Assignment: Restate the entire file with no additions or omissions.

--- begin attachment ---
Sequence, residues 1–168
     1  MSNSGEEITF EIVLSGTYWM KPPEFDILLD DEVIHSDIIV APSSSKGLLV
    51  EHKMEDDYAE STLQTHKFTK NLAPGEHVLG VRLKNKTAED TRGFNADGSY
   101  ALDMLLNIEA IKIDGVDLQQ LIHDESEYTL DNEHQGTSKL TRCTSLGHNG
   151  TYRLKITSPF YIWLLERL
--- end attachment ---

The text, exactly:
Sequence, residues 1–168
     1  MSNSGEEITF EIVLSGTYWM KPPEFDILLD DEVIHSDIIV APSSSKGLLV
    51  EHKMEDDYAE STLQTHKFTK NLAPGEHVLG VRLKNKTAED TRGFNADGSY
   101  ALDMLLNIEA IKIDGVDLQQ LIHDESEYTL DNEHQGTSKL TRCTSLGHNG
   151  TYRLKITSPF YIWLLERL